The Department of Sciences at the Faculty of Natural and Applied Sciences (FNAS), Notre Dame University-Louaize North Lebanon Campus (NDU-NLC), organized on Tuesday, November 14, 2017, a lecture titled, “Discover the Lebanese Environment through the Lebanon Mountain Trail,” presented by Nadine Weber, former president of the Lebanese Mountain Trail Association(LMTA).
The LMTA is the first long distance hiking trail in Lebanon. The 470-kilometer path crosses 75 towns and villages from Andqet in Akkar, North Lebanon, to Marjaayoun, in South Lebanon, at altitudes ranging between 600 and 2,000 meters above sea level. The trail transects one UNESCO Heritage Site (Qadisha Valley), three nature reserves (Horsh Ehden, Tannourine Cedars, and Al-Shouf Cedars), one biosphere reserve, and several protected and important bird areas (Himas).
Since 2007, the LMTA has been working hard to promote and advocate for sustainable rural tourism and heritage conservation that benefit local communities. The LMTA programs are diverse and include several community development, educational, and trail development and maintenance activities.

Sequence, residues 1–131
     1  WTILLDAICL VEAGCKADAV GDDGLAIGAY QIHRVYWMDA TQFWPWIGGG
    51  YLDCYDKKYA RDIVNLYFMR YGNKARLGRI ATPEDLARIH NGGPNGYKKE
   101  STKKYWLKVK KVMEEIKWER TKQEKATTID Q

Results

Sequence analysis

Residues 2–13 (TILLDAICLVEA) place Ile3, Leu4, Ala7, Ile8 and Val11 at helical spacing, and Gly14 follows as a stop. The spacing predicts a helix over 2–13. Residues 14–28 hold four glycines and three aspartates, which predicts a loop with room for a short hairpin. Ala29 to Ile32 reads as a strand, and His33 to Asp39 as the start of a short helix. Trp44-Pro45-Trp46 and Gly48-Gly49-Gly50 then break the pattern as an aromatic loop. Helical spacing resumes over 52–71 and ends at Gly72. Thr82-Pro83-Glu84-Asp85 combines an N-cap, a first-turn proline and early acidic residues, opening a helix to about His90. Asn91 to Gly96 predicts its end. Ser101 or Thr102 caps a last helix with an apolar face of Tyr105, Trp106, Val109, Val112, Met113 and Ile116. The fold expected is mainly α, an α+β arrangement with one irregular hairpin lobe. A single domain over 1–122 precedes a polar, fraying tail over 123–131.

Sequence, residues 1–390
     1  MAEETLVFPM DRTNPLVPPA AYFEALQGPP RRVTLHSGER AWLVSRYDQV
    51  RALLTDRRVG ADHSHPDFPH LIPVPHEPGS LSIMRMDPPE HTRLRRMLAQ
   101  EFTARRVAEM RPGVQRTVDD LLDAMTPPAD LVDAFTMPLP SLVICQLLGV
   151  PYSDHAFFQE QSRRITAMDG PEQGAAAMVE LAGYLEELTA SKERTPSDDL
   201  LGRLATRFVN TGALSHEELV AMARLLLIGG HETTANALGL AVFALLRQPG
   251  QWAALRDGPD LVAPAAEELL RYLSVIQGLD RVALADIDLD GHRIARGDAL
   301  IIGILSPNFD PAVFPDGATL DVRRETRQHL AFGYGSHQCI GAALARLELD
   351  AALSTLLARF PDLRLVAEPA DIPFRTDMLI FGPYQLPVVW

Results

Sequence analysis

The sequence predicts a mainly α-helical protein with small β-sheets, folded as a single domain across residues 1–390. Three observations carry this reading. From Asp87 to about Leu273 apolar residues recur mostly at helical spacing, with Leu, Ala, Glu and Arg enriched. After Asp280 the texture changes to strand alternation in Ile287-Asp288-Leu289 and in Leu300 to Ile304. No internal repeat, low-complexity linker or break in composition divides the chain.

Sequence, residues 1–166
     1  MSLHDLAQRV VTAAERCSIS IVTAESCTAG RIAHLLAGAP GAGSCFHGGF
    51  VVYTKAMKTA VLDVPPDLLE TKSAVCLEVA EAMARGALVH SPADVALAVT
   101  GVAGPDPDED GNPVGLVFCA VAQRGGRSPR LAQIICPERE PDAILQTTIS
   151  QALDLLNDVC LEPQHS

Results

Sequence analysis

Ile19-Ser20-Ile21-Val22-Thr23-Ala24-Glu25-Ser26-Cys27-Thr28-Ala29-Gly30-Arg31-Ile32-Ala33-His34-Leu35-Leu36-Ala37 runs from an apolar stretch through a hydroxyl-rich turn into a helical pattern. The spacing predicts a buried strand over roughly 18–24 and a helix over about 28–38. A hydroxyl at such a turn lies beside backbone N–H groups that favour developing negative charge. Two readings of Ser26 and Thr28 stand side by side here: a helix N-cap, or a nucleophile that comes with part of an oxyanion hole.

The LMT is a celebration of the wealth of Lebanon’s mountains that is more than ever before in grave danger due to environmental abuse and the public domain and the irrational exploitation of rural lands.
Each year, the Thru-Walk, a 30-day hiking journey organized by the LMTA in April, highlights an important cause. Last April, 230 hikers from 20 different nationalities, with many that flew to Lebanon to participate, walked to send a message: protect our mountains!
The objective of this event is to promote the LMTA and Lebanon as a world-class travel destination and consolidate support for the trail’s long-term protection. This unique annual event will always:
- Remind the Lebanese people of the need to protect their heritage;
- Support rural economies in trailside communities; and
- Promote responsible tourism as a viable economic activity.
The LMTA is not only about hiking but also about experiencing nature, culture, agriculture, and local food and connecting visitors with mountain residents. Visitors are assisted by local guides and eat and sleep in guesthouses and small accommodations run by local families.